Children will best appreciate this nostalgic journey when accompanied by a doting loved one

READ REVIEW

DON'T CALL ME GRANDMA

Scary grandmas are always called “grandMOTHER,” especially if they are 96-year-old great-grandmothers who have “chocolaty brown” skin and are named Nell and sometimes growl into their mirrors.

This little girl’s great-grandmother is glamorous and has wigs, earrings, and “bottles and bottles and bottles of perfume.” Nelson’s young protagonist is mesmerized by her great-grandmother’s rituals, from posing in her bathing suit on the beach to applying ruby red lipstick. Even though her great-grandmother is old, the young girl knows she is “not worn out.” Nell, who never hugs or kisses, still deigns to share beauty tips and stories of long ago. Zunon’s mixed-media illustrations of paper collage, pastel, and watercolor lend warmth to this tender story of an aging dragon of a diva and her great-grandchild. The facial expressions span the emotional gamut from pique to sorrow to haughtiness and are all spot-on. When Nell reminisces, vague watercolor impressions evoke the perfect tone of wistfulness. Black-and-white photo reproductions accompany brief recollections of the civil rights movement. But the sterling moment shines at the very end of the story when the grandchild steals a kiss with no remorse. “Even asleep, Great-Grandmother Nell is scary. But I like her that way. I give her a little hug. She smells like peaches. I kiss my grandma. // She won’t know.”

Children will best appreciate this nostalgic journey when accompanied by a doting loved one . (Picture book. 5-8)

Pub Date: Feb. 1, 2016

ISBN: 978-1-4677-4208-5

Page Count: 32

Publisher: Carolrhoda

Review Posted Online: Nov. 11, 2015

Kirkus Reviews Issue: Dec. 1, 2015

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Fun but earnest, this rhyming romp reminds readers that one young person can make a difference.

SOFIA VALDEZ, FUTURE PREZ

From the Questioneers series

Sofia Valdez proves that community organizers of any age can have a positive impact.

After a trash-heap eyesore causes an injury to her beloved abuelo, Sofia springs into action to bring big change to her neighborhood. The simple rhymes of the text follow Sofia on her journey from problem through ideas to action as she garners community support for an idyllic new park to replace the dangerous junk pile. When bureaucracy threatens to quash Sofia’s nascent plan, she digs deep and reflects that “being brave means doing the thing you must do, / though your heart cracks with fear. / Though you’re just in Grade Two.” Sofia’s courage yields big results and inspires those around her to lend a hand. Implied Latinx, Sofia and her abuelo have medium brown skin, and Sofia has straight brown hair (Abuelo is bald). Readers will recognize Iggy Peck, Rosie Revere, and Ada Twist from Beaty’s previous installments in the Questioneers series making cameo appearances in several scenes. While the story connects back to the title and her aptitude for the presidency in only the second-to-last sentence of the book, Sofia’s leadership and grit are themes throughout. Roberts’ signature illustration style lends a sense of whimsy; detailed drawings will have readers scouring each page for interesting minutiae.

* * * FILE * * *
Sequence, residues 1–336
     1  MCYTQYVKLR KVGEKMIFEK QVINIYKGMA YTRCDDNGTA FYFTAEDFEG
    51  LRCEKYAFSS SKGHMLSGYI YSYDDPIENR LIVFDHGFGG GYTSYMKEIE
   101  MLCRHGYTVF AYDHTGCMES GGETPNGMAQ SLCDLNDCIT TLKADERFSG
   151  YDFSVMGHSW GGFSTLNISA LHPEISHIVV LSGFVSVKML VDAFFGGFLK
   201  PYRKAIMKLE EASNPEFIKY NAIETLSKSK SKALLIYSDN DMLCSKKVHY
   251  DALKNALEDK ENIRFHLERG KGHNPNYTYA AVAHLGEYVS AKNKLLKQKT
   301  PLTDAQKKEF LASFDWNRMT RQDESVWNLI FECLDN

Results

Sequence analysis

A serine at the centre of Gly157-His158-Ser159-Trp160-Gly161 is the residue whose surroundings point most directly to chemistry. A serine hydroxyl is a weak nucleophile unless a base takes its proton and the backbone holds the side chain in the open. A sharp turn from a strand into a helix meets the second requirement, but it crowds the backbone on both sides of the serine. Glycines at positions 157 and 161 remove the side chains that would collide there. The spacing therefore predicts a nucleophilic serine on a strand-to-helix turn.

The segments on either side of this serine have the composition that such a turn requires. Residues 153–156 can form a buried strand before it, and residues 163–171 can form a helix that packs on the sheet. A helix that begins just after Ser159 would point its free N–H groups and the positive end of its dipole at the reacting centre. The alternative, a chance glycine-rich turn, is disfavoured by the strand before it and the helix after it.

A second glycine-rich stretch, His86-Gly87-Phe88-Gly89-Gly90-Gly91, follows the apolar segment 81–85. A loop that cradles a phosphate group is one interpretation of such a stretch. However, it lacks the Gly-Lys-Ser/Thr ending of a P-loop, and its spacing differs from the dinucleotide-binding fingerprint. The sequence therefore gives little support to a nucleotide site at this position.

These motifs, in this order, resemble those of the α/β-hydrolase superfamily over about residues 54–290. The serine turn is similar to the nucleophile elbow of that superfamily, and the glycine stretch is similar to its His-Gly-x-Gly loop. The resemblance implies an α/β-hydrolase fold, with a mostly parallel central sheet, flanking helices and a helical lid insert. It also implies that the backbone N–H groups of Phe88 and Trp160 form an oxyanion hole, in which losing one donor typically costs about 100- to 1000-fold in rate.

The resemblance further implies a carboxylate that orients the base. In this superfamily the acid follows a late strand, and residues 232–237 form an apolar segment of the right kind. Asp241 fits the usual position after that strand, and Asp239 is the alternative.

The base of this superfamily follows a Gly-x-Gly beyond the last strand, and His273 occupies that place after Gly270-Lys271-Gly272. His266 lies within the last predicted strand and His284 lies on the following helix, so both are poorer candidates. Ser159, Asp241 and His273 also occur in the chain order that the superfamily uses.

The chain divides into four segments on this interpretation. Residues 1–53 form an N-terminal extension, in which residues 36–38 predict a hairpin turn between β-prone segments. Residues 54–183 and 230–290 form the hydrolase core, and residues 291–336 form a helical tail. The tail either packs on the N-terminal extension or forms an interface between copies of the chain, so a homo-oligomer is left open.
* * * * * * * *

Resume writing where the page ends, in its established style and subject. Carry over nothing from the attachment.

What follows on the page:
Fun but earnest, this rhyming romp reminds readers that one young person can make a difference. (Picture book. 5-8)

Pub Date: Nov. 5, 2019

ISBN: 978-1-4197-3704-6

Page Count: 40

Publisher: Abrams

Review Posted Online: Nov. 24, 2019

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Patchy work, both visually and teleologically.

YOU'RE HERE FOR A REASON

The sultana of high-fructose sentimentality reminds readers that they really are all that.

Despite the title, we’re actually here for a couple of reasons. In fulsome if vague language Tillman embeds one message, that acts of kindness “may triple for days… / or set things in motion in different ways,” in a conceptually separate proposition that she summarizes thus: “perhaps you forgot— / a piece of the world that is precious and dear / would surely be missing if you weren’t here.” Her illustrations elaborate on both themes in equally abstract terms: a lad releases a red kite that ends up a sled for fox kits, while its ribbons add decorative touches to bird nests and a moose before finally being vigorously twirled by a girl and (startlingly) a pair of rearing tigers. Without transition the focus then shifts as the kite is abruptly replaced by a red ball. Both embodied metaphors, plus children and animals, gather at the end for a closing circle dance. The illustrator lavishes attention throughout on figures of children and wild animals, which are depicted with such microscopically precise realism that every fine hair and feather is visible, but she then floats them slightly above hazy, generic backdrops. The overall design likewise has a slapdash feel, as some spreads look relatively crowded with verses while others bear only a single line or phrase.

Patchy work, both visually and teleologically. (Picture book. 6-8)

Pub Date: Sept. 1, 2015

ISBN: 978-1-250-05626-9

Page Count: 32

Publisher: Feiwel & Friends

Review Posted Online: June 23, 2015

Kirkus Reviews Issue: July 15, 2015

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